Thanks for following me all this time. The article is here.
Everyone makes mistakes. I think Gore is trying to be helpful and hopeful. He’s trying to support and celebrate, I believe, recent policy changes to limit emissions from power plants, federal procurement, vehicle MPGs, etc. He also points to several disruptive changes to economies around the world, such as Germany’s aggressive investments in solar and renewables.
Several left-leaning commentators think Gore’s piece was equivalent to the word of God - dozens of high-profile blogs fell over themselves after they read his article (see blatherings at DailyKos, Grist, ecowatch).
From my point of view - which reflects the scientific consensus - Gore is spouting nonsense. The IPCC aggregates climate science from every perspective. Their recent report made it clear that even with maximum policy changes, the earth is on track for up to 4.8c degrees of warming. The policy changes mentioned by Gore do nothing to lower global emissions:
[T]he IPCC assesses a large number of scenarios from different experts. For its third report into greenhouse gas emissions, the IPCC assessed 1200 different pathways, created by different modelling teams around the world….
As a result of its own modelling and the different scenarios it assessed, the IPCC concludes that avoiding the two degrees rise means reducing global emissions by at least two fifths by 2050, and tripling or quadrupling the share of energy the world gets from low-carbon energy by the same date. It probably also means using new, untested technologies to reduce the level of carbon in the atmosphere… Via
I think it’s dangerous to say there is “hope” to reduce emissions based on a few tweaks to the American economy. Every indicator (even conservative economists) shows that emissions are going to rise for decades.
Thanks for your question. I’d send you here, but I take issue with your approach. The burden of proof is always on the person making a claim. If I may, I advise applying the Socratic Method and have a nice discussion (Note: Always apply the Socratic Method with their consent, don’t trick them!).
It is not your responsibility to “convince” them of their err, instead it is *their* responsibility to convince you of their claims. If I say the sky is red, it is my responsibility to show that the sky is indeed red - it is not your responsibility to disprove it. If you both agree to discuss the matter, proceed without getting emotionally panty-bunched. Hell, you could hold a long dialog that could take days, or even months.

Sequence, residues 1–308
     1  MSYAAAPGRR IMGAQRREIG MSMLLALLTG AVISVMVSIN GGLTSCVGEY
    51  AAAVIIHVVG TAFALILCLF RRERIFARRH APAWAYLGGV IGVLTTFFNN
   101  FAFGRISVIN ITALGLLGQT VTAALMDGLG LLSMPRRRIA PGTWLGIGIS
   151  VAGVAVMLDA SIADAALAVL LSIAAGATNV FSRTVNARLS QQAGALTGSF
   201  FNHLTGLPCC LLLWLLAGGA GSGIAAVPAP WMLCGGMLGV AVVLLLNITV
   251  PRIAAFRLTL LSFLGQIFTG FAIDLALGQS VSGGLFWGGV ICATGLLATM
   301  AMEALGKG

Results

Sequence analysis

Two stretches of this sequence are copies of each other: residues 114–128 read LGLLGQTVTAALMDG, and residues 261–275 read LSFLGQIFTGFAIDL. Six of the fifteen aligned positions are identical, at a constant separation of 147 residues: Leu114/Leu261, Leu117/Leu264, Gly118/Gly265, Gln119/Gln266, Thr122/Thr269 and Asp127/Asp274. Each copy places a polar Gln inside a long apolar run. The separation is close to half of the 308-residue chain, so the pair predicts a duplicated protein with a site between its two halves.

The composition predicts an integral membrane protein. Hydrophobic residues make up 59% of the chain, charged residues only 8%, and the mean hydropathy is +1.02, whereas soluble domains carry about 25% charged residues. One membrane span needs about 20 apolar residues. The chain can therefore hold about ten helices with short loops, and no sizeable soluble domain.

If you are an environmentalist, you have to learn this humble, very effective, and quite easy to apply communication skill. It will serve you well through life.
Once they agree to discuss the issue, define the terms and stay hyper-focused on those things. Every once in a while paraphrase and recap the discussion - this helps clarify definitions, and it ensures that the other person feels comfortable that you are listening. So, if I’m talking about the sky being red, I’m not able to start talking about my opinion of Obama. Stay on point.
In this case, you’re discussing cycles. So, have them define it. What is a cycle? Is there evidence for cycles? Why do they believe in the science of cycles, but reject that cycles can be changed by human forcings? In other words, can natural cycles be disturbed by heavy influxes of CO2? Why or why not? Where is their evidence? Remember, they are making the claim; you are trying to learn from them. Are they choosing some scientific evidence while rejecting other scientific evidence? How is this possible? By which methodologies are they able to accept the science of cycles, yet reject the science that shows how cycles are influenced? After all, they have to point to science as their evidence for cycles. Interesting, right?
Know that you will experience breakdowns and failures while having these dialogs. That’s OK! Take a breather. Shake hands. Come back to the discussion later. It’s part of the process of learning. Try not to allow emotions to enter the discussion. Don’t get heated. Passion is a good thing, but getting angry and walking away all frustrated is a problem. Face these dips head on!
So, apply the Socratic Method when someone makes a claim. Just have fun with it. No need to be rivals.
Regarding this slithery video, you’re right! It is reproduction but it’s also for hibernation and body heat efficiency. The garter snake is my home state, Massachusetts, “State Reptile”! They also converge in large numbers in New England to den in the winter, just not the thousands like in Canada. So weird and awesome!
PS, Check out this article on how climate change will impact American rattle snake’s habitat. Basically, it seems rattlers are too slow to adapt to rapid climate changes and may be wiped out in some areas because it has no suitable habitat to migrate to…
The ranges of species will have to change dramatically as a result of climate change between now and 2100 because the climate will change more than 100 times faster than the rate at which species can adapt, according to a newly published study by Indiana University researchers.
The study, which focuses on North American rattlesnakes, finds that the rate of future change in suitable habitat will be two to three orders of magnitude greater than the average change over the past 300 millennia, a time that included three major glacial cycles and significant variation in climate and temperature.
"We find that, over the next 90 years, at best these species’ ranges will change more than 100 times faster than they have during the past 320,000 years," said Michelle Lawing, lead author of the paper and a doctoral candidate in geological sciences and biology at IU Bloomington. "This rate of change is unlike anything these species have experienced, probably since their formation."